The Small Airplane Revitalization Act, a bill calling on FAA to rewrite light aircraft standards, is set to head to the Senate floor after the Senate Commerce Committee approved it July 30. The bill, S.1072, is the companion to legislation passed by the House earlier this month.

The bill essentially would require FAA to rewrite Part 23 certification standards, taking into account the recommendations of the Part 23 Reorganization Aviation Rulemaking Committee (ARC), by Dec. 31, 2015.

FAA on July 26 released the final ARC recommendations, releasing statements by both Transportation Secretary Anthony Foxx and FAA Administrator Michael Huerta endorsing an effort to adopt new standards that improve safety and reduce certification costs.

But while the highest levels of FAA and the Transportation Department have signaled strong support, General Aviation Manufacturers Association President and CEO Pete Bunce says that is not necessarily the case within the FAA. “We know bureaucratic forces within FAA say this kind of change is too sweeping,” Bunce told a forum at AirVenture in Oshkosh, Wis.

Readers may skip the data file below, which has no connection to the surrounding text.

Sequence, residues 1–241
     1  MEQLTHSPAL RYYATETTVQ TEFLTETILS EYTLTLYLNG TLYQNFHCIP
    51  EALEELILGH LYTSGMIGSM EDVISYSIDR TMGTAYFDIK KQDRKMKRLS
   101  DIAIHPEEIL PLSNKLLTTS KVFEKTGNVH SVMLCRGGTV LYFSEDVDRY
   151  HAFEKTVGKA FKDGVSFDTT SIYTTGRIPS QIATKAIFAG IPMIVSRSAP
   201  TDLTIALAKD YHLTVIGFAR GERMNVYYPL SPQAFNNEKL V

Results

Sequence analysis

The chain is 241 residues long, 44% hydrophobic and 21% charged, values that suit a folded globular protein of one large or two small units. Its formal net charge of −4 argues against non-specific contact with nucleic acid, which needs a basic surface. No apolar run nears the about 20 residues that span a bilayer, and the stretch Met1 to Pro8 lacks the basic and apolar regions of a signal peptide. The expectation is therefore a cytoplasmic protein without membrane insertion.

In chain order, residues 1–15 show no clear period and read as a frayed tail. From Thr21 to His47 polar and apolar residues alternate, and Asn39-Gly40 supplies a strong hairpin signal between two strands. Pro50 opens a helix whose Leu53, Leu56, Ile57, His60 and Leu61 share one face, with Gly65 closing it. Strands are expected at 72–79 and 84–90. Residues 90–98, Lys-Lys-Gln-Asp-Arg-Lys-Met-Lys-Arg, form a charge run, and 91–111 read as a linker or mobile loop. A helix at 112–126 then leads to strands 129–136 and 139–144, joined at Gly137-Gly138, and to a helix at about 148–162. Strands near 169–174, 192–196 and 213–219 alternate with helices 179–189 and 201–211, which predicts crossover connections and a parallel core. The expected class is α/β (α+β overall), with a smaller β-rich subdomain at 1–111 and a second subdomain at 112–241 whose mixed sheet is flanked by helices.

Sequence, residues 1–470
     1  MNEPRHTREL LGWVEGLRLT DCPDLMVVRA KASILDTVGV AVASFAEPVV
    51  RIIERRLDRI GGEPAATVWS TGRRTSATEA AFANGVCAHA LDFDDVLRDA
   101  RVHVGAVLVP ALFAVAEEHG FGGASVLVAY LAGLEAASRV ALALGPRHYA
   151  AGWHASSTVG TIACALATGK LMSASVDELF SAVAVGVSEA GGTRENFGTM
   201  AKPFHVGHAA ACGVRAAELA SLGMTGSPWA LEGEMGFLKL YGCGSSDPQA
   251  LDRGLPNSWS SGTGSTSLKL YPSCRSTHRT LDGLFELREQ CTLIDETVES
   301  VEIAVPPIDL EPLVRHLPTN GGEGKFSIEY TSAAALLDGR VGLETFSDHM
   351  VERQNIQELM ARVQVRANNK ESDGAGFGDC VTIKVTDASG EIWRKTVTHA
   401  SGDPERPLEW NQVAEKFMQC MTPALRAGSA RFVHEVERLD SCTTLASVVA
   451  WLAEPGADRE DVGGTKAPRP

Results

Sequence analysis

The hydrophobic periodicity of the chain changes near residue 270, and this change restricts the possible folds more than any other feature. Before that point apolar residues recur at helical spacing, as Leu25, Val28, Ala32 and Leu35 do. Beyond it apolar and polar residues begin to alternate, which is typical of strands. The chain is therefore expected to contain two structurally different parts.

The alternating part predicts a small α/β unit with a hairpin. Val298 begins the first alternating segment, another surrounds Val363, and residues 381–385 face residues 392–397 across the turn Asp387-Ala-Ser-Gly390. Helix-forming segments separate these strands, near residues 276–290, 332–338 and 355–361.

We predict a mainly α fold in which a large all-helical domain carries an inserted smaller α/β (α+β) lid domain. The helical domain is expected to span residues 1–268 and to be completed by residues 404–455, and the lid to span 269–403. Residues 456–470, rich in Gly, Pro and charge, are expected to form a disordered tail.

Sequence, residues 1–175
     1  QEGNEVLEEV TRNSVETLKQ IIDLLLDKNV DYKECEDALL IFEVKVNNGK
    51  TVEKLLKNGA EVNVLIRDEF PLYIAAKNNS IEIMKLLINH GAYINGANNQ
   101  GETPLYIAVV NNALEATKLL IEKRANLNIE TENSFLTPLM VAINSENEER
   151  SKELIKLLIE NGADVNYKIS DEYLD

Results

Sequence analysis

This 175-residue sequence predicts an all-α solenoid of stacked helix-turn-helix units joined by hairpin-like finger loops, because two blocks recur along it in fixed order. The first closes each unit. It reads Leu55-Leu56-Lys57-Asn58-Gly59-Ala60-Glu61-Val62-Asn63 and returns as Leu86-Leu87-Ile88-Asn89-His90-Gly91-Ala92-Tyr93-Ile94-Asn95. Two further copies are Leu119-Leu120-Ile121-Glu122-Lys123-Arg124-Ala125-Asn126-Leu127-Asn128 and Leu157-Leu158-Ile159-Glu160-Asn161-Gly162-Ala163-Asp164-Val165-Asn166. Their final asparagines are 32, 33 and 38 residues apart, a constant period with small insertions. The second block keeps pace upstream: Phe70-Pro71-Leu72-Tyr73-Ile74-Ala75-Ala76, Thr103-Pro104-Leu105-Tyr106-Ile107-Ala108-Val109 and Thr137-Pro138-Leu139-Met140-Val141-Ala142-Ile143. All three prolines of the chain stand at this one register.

He views the changes as vital to bringing new aircraft, engines and safety technology to the market. “New certified aircraft cost too much,” he says. “A lot of that cost is in certification cost. The price makes it not economically viable.”

While the end of 2015 is an aggressive timetable for FAA, Bunce says, “We need to force them to do this.”

He praised the congressional action, saying it shows the bipartisan support within Congress for addressing the certification standards. He notes this also was evident by the House passage of the bill in a 411-0 vote.